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Are Medications Hard to Swallow? Ways to Help!

Summary: Medications can be life-saving, but it’s not always easy swallowing medications. The good news is that many things can be done to help. To help make swallowing easier, the Head Posture Swallowing Technique is a way of swallowing where you turn your head to find the best posture for swallowing. Another strategy is to practice swallowing with different-sized candies, ranging from small to larger. Finally, a compounding pharmacy can create a liquid version of the medication.
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First try the Head Posture Swallowing Technique…

For those who have troubles swallowing medications, perhaps one of the easiest things to try first is the “Head Posture Practice” swallowing technique from Dr. Bonnie Kaplan at the University of Calgary.

Most people try to swallow with their head in the ‘centre’ position. But it turns out that many people swallow better if they try a different head position such as:

  • Turning one’s head to one side;
  • Turning one’s head down slightly;
  • Turning one’s head up slightly.

If there are problems with swallowing pills, try different head positions to see which one works best.

Watch this 8-minute video to learn how:

Practice Swallowing with Different-Sized Candies


  • Practice swallowing with candy first, before trying out medications. Get an assortment of candies of different sizes from small to larger:
    • Cupcake sprinkles
    • Nerds
    • Tic Tacs
    • Smarties
    • Skittles
  • Do practice ideally for at least 14-days before trying medications. Be patient as it can take time.

Still Troubles with Medications?

Are there still troubles swallowing a tablet or capsule? 

Many medications can be modified from their tablet or capsule form into an easier-to-swallow form (aka extemporaneous solutions), such as when:

  • A tablet is crushed and mixed with food or dissolved in a liquid;
  • A capsule is opened up, and the contents are mixed with food or dissolved in liquid.

Still Struggling? Consider a Compounding Pharmacy

A compounding pharmacy is a pharmacy that can create a liquid version of the hard to swallow medication. The patient’s specific needs can be taken into account (e.g. taste preferences, intolerance of certain ingredients or tastes), and compounds can be flavoured (e.g. apple, banana, etc.) to make them more appealing or palatable. 

How long do compounded versions of medication last?

  • 14 days with water-based formulations
  • Up to 6-months with oil-based formulations.

Note that only a few recipes are validated, because of the cost of stability testing; stability testing requires outsourcing to analytical labs with HPLC capability, which is prohibitive even to hospital pharmacies.

Where Can I Find a Compounding Pharmacy?

Option 1

  • Many hospitals have pharmacies that serve the public, and generally they will do compounding.

Option 2

  • Contact your friendly neighborhood pharmacy and ask if they do compounding. If not, they should be able to tell you a local pharmacy that does.

    Ways to Make ADHD Medications Easier to Swallow 

    MedicationDosage FormsWays to Modify Formulation

    Amphetamine-based stimulants

    • Dextroamphetamine (Dexedrine) tablets

    Tablet 5 mg

    Can be crushed.

    Can be compounded into 5 mg/mL suspension; lasts 14 days in fridge.

    • Dextroamphetamine (Dexedrine) spansule

    Capsule 10,15 mg

    Spansule contents can be opened up and sprinkled on applesauce.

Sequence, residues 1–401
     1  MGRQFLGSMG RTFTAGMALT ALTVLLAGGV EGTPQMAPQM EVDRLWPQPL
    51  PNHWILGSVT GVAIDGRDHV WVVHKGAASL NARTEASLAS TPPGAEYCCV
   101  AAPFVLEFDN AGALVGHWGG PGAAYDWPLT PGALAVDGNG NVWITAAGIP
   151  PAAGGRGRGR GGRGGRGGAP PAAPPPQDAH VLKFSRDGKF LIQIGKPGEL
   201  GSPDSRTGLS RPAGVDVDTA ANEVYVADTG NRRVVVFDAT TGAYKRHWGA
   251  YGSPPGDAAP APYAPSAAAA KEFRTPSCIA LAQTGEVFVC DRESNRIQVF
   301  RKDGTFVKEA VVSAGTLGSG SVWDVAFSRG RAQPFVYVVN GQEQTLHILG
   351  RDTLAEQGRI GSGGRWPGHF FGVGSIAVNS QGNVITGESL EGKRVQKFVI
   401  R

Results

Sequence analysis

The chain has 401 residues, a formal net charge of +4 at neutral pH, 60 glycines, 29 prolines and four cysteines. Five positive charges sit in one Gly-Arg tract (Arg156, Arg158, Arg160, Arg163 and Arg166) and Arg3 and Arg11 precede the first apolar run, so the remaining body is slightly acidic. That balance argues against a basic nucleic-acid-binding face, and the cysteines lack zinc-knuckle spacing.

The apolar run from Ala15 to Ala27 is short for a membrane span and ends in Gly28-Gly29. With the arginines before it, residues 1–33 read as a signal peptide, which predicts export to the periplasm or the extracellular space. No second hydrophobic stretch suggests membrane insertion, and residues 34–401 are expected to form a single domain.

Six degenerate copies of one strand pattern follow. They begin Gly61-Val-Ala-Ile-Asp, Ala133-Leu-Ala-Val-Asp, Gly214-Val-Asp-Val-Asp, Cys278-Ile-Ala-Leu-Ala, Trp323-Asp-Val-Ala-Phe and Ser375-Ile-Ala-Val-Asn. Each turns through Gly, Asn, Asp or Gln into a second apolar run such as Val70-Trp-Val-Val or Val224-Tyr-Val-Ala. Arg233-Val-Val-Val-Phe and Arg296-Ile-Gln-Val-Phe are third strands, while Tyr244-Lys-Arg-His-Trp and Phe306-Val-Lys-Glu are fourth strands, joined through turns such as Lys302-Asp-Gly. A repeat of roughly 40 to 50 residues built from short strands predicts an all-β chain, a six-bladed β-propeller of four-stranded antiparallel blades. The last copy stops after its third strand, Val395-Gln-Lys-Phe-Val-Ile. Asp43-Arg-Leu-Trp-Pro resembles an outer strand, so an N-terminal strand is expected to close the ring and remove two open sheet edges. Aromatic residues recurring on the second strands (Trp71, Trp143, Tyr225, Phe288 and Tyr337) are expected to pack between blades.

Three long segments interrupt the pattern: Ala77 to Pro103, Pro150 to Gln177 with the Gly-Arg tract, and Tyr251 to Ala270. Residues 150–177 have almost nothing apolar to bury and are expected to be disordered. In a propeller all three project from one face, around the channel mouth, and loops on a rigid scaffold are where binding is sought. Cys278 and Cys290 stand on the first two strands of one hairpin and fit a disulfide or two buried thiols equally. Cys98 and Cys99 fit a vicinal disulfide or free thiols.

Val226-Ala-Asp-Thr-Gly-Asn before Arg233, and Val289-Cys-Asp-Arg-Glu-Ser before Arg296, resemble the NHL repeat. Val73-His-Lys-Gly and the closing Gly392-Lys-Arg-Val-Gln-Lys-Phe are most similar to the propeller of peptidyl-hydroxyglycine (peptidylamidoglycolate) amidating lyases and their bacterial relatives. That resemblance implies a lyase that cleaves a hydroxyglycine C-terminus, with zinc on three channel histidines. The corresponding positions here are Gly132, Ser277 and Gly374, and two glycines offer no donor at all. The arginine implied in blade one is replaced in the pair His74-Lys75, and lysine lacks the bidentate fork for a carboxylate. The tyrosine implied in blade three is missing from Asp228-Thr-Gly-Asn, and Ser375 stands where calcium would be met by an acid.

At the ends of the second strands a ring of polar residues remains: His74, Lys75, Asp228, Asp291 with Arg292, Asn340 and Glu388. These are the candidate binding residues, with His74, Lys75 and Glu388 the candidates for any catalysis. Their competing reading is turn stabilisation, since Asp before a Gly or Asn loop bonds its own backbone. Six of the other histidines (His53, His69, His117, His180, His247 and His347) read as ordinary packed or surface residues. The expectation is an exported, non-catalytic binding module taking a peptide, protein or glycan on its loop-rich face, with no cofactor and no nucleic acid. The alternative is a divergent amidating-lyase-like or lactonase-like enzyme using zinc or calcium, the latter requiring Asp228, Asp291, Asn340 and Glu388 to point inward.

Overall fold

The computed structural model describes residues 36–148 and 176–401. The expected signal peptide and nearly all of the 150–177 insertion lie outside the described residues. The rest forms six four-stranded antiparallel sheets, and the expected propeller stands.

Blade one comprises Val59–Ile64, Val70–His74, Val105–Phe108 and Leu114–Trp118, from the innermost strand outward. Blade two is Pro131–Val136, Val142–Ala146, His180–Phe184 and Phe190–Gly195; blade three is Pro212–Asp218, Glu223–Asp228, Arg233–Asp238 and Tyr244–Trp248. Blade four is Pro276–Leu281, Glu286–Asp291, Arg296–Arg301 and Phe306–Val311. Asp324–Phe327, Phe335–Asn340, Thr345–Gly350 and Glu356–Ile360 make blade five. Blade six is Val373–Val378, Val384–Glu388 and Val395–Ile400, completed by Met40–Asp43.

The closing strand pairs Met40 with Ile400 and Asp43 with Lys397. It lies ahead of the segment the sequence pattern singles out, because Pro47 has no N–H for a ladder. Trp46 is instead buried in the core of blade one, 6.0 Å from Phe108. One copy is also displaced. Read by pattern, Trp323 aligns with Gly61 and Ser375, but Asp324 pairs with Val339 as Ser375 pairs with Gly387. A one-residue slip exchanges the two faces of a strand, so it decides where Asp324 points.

• Mixed amphetamine salts (Adderall XR)

    Capsule 5,10,15,20,25,30 mg

    Capsules can be opened and granules can be sprinkled on apple sauce, pudding, yogurt, etc.

    • Lisdexamfetamine (Vyvanse)

    Capsule 10,20,30,40, 50,60,70 mg

    Capsule content can be dissolved in liquid, such as water, orange juice and yoghurt.

    Methylphenidate-based stimulants

    • Methylphenidate short-acting (Ritalin)

    Tablet 5 mg

    Can be crushed.

    Can be compounded into 1 mg/mL suspension; lasts 14 days in fridge.

    • Methylphenidate LA (Biphentin)

    Capsule 10,15,20,30,40,50,60,80 mg

    Can be cracked open and tiny beads sprinkled on applesauce, pudding, yoghurt, ice cream, etc.

    Beads cannot be crushed or opened nor compounded.

    • Methylphenidate OROS (Concerta)

    Extended-release tab (shaped like a capsule) 18,27,36,54 mg

    Cannot be crushed or opened (thus not able to be compounded).

    • Methylphenidate Controlled Release CR (Foquest)

    Capsule 25,35,45,55,70,85,100 mg

    Cannot be crushed, opened nor compounded.


    • Atomoxetine (Strattera)


    Needs to be swallowed whole (i.e. cannot crush) to reduce GI side effects.

    No extemporaneous recipe available -- not to be opened and spinrkled as can be an ocular irritant.

    • Guanfacine (Intuniv XR)

    Extended release tablet

    Cannot be crushed or opened; must be swallowed whole due to the delivery system

    • Clonidine immediate release


    Can be crushed, dissolved in liquid.

    Can be compounded into 0.1mg/10ml or 0.2mg/10ml.

    Stable 90 days in the fridge.

    • Clonidine XR (extended-release) -- NOT AVAILABLE IN CANADA.


    Extended-release cannot be crushed or opened due to the delivery system.

    Ways to Make Antidepressants Easier to Swallow

    MedicationDosage FormsWays to Modify Formulation


    Tablet:10,25,50 mg

    Can be crushed.

    Can also be compounded in 10 mg/mL or higher strength

    Bupropion SR (Wellbutrin)

    Tablet: 100, 150 mg ;

    Do not crush/ cut/ chew.

    Can be compounded; compound is short-acting (not extended release); 150 mg/5mL; stable for 14 days refrigerated

    Bupropion XL (Wellbutrin)

    Tablet: 150, 300 mg ;

    Do not crush/cut/chew.

    Citalopram (Celexa)

    Tablet: 10,20,40 mg

    Can be cut or crushed (score line).

    Compounded in oral solution typically 4 mg/ml


    Tablet: 10,25,50 mg

    Compounding in oral solution

    Information on opening capsule is not listed in product labeling

    Desvenlafaxine (Pristiq)

    Tablet: 50,100 mg

    Tablet cannot be divided, crushed, chewed or dissolved.

    Some pharmacies may compound but this changes its release.

    Duloxetine (Cymbalta)

    Capsule: 20, 30, 60 mg

    Label states capsule should not be opened, but Institute of Safe Medication Practices states capsule can be opened and contents added to apple sauce or apple juice.